Childhood obesity: a growing concern

Obesity rates in children are growing at alarming rates. About 33% of the children in America are considered overweight or obese, nearly triple the rate in 1963, according to the American Heart Association.

Children are generally overweight or obese because they don’t get enough physical exercise and have poor eating habits. Genetics, environment, metabolism and life style may also play a role.

“When a child has obese parents, they are three to four times more likely to have weight problems themselves,” Dr. Ronald Spiegel, Pediatrician for Snoqualmie Ridge Medical Clinic, said. “This issue is becoming a major health crisis for all of us.”

Childhood obesity has both immediate and long-term serious health impacts. Children who are obese are more likely to have risk factors for heart disease and diabetes including high blood pressure, cholesterol and blood sugar. An overweight child may also develop other health issues.

“I encounter frequent complaints of back and lower extremity aches and pains and knee and ankle problems in overweight children,” Spiegel said. “These aches and pains can limit the child’s ability to be more active and play sports, which is exactly what they need to do.”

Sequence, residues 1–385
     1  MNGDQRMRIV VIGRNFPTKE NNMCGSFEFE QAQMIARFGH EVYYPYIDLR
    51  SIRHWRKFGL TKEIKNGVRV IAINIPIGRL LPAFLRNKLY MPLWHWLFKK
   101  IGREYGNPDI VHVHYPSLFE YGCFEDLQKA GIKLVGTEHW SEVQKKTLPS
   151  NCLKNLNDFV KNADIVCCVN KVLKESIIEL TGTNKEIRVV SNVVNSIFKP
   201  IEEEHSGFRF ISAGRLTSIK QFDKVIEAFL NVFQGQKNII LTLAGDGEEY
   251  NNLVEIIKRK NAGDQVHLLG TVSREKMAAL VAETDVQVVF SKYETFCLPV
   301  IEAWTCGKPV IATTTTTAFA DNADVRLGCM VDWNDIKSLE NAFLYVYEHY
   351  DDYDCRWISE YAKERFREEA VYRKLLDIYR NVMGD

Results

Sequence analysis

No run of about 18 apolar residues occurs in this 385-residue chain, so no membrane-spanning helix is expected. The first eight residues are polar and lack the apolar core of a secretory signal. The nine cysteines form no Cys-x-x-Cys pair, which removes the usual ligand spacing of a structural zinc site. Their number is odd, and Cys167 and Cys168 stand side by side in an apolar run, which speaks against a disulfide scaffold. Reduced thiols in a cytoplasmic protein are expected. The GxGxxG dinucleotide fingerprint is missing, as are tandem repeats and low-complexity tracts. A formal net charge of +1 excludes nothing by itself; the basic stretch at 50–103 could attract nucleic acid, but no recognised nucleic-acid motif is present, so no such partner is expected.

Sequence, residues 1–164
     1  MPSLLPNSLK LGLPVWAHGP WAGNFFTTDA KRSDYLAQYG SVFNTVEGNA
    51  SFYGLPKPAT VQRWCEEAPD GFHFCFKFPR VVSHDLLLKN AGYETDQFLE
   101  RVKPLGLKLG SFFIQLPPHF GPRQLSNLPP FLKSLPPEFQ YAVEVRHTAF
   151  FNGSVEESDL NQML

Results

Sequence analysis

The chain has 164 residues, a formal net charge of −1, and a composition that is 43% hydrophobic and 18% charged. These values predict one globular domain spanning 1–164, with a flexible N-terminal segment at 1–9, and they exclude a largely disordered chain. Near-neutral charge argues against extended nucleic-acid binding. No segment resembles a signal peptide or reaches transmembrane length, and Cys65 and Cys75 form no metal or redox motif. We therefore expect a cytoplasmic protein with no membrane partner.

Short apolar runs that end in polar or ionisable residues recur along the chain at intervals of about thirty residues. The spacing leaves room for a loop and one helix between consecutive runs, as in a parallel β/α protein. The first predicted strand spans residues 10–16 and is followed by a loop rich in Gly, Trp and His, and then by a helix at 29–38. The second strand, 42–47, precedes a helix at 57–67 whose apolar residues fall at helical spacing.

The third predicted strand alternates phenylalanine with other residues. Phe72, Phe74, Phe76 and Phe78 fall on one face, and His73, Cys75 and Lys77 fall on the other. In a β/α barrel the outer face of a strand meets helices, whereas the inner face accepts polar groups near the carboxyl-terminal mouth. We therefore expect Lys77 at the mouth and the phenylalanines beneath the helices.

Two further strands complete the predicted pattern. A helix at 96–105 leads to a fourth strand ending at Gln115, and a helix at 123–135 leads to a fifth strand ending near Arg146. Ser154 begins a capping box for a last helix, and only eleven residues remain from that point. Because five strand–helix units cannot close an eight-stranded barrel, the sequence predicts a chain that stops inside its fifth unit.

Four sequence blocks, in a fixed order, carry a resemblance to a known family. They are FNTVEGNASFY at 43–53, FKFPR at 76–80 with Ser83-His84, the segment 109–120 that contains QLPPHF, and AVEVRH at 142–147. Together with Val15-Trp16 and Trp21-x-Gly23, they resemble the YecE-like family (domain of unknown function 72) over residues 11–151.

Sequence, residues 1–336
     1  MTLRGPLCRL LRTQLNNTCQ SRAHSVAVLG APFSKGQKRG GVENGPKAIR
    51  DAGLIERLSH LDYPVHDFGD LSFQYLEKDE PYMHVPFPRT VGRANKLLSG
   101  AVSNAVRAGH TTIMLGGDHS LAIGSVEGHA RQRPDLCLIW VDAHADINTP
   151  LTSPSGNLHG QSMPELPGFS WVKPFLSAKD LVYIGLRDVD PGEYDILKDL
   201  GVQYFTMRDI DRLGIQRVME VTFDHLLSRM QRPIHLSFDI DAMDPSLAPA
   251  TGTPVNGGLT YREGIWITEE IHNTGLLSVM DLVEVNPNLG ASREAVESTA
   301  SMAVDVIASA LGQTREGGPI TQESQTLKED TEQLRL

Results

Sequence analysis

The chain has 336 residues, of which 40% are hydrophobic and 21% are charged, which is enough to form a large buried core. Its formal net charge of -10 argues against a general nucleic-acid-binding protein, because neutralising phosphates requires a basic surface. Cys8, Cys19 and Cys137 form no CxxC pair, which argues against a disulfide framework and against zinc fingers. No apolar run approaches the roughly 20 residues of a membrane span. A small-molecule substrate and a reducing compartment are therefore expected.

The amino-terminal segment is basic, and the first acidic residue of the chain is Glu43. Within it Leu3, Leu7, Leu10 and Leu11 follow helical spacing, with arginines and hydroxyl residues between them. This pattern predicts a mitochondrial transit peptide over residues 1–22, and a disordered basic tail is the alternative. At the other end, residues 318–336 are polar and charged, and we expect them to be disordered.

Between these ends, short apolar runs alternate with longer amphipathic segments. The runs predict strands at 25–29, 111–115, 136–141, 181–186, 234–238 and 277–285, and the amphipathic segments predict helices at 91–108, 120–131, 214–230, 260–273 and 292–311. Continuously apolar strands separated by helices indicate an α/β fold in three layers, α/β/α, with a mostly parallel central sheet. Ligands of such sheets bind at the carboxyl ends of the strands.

On top of these medical issues, there is the stress of potential bullying, which can lead to psychological issues like depression and low self-esteem.

Healthier lifestyle habits, healthy eating and physical activity can lower the risk of developing weight related diseases.

Here are some strategies to promote healthier habits:
  • Set a good example for children by eating healthy and being active to increase the likelihood they will do the same.
  • Work as a family to change eating habits. Consume more fruits, vegetables and water while limiting fast food and sugary snacks or drinks.
  • Encourage physical activity. Children should have at least an hour of moderate physical activity every day, such as hiking, swimming, walking, sports or biking.
  • Limit TV and computer time to less than two hours per day to encourage physical activity.

Overweight children are likely to become overweight adults. Making healthy eating and regular exercise a family activity can improve the chances of successful weight control.

Dr. Spiegel is a Pediatrician for Snoqualmie Valley Hospital District. For more information about Dr. Spiegel, go to Dr. Ronald Spiegel.